Newspaper article International Herald Tribune

World Bank Report Finds Economic Clouds Lifting

Newspaper article International Herald Tribune

World Bank Report Finds Economic Clouds Lifting

Article excerpt

In the report, the World Bank estimates the world economy grew just 2.3 percent in 2012. It expects growth to pick up only modestly in the coming years, from 2.4 percent in 2013 to 3.3 percent in 2015.

Some of the darkest clouds threatening the global economy have started to lift, according to the World Bank's periodic update to its economic forecasts.

The latest version of the twice-yearly Global Economic Prospects report is one of the development bank's least pessimistic in recent years, though hardly an exercise in optimism. It describes a "dramatic" easing of financial conditions around the world, stemming in part from policy changes to soothe the bond markets in Europe. Still, it warns that global growth will continue to be sluggish for years to come.

In the report, the World Bank estimates that the world economy grew just 2.3 percent in 2012. It expects growth to pick up only modestly in the coming years, from 2.4 percent in 2013 to 3.3 percent in 2015.

Developing countries were responsible for more than half of global growth in 2012, the report says, and they will continue to be an engine of growth. The report estimates that developing countries grew 5.1 percent in 2012 and that the pace of growth will accelerate to 5.8 percent in 2015.

"Four years after the crisis, high- income countries are still struggling," Andrew Burns, the report's lead author, said in an interview. "Developing countries need to respond to that difficult environment not through fiscal and monetary stimulus, but rather by looking to reinforce their underlying growth potential in order to have sustainably stronger growth going forward."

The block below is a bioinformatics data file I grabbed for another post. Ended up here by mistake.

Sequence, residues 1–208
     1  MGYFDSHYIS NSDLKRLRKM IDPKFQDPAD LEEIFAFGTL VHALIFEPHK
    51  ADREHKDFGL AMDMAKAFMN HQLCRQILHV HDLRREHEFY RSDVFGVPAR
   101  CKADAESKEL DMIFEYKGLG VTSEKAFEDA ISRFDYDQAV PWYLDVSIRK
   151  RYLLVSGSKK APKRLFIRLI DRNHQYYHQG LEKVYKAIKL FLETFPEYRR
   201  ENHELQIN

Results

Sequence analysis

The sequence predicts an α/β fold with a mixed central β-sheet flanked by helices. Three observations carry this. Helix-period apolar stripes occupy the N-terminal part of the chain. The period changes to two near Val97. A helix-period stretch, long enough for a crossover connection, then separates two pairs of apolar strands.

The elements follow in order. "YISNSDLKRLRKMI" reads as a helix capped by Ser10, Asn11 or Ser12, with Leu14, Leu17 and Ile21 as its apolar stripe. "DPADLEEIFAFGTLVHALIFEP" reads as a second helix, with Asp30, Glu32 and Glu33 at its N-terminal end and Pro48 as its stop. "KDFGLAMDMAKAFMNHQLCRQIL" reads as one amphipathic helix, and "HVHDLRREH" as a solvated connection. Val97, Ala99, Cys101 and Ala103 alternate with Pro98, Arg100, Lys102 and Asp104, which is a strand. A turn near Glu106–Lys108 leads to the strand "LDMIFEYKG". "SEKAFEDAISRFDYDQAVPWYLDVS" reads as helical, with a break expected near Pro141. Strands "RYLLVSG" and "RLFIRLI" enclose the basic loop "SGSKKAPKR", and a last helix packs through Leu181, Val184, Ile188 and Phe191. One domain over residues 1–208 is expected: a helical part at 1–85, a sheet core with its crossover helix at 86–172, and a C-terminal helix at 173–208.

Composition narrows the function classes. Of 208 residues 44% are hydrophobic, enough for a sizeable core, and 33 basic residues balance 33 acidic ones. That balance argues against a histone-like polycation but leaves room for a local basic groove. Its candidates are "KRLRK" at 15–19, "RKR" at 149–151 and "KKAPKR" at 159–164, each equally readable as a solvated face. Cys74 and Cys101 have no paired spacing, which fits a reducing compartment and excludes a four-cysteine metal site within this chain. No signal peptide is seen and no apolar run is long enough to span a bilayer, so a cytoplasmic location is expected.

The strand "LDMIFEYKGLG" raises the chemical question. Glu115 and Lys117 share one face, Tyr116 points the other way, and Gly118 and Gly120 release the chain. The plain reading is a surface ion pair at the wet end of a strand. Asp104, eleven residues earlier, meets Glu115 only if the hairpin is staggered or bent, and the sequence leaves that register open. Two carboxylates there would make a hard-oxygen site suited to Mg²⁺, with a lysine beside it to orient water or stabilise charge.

For the past four years, developing countries have remained in something of a defensive crouch, World Bank experts said over the weekend. Their central banks and finance ministries have intently focused on managing the volatile financial and economic conditions emanating from the United States and Europe, and their policy making has focused on the short term.

But credit conditions have eased significantly in Europe, particularly since the European Central Bank, led by Mario Draghi, embarked on a major bond-buying program last year.

Growth has started to pick up in the United States, after taking a hit in the second half of 2012 because of uncertainty stemming from the presidential election and the so-called fiscal cliff, a series of automatic spending cuts and tax increases that Congress mostly averted this month.

Now, developing economies need to focus more on their domestic economic troubles, bank economists said. That might mean making long- term investments in infrastructure, education, public health or regulation, rather than focusing on short-term stimulus measures to counteract economic fluctuations from elsewhere around the globe. …

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